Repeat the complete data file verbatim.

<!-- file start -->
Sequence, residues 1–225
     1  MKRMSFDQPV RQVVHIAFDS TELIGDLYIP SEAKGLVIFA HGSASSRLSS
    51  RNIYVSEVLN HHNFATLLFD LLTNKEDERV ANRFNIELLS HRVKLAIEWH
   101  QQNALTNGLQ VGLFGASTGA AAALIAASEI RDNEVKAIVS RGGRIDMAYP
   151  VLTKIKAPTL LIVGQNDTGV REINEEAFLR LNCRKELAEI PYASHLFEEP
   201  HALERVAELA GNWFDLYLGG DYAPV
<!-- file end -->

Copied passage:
Sequence, residues 1–225
     1  MKRMSFDQPV RQVVHIAFDS TELIGDLYIP SEAKGLVIFA HGSASSRLSS
    51  RNIYVSEVLN HHNFATLLFD LLTNKEDERV ANRFNIELLS HRVKLAIEWH
   101  QQNALTNGLQ VGLFGASTGA AAALIAASEI RDNEVKAIVS RGGRIDMAYP
   151  VLTKIKAPTL LIVGQNDTGV REINEEAFLR LNCRKELAEI PYASHLFEEP
   201  HALERVAELA GNWFDLYLGG DYAPV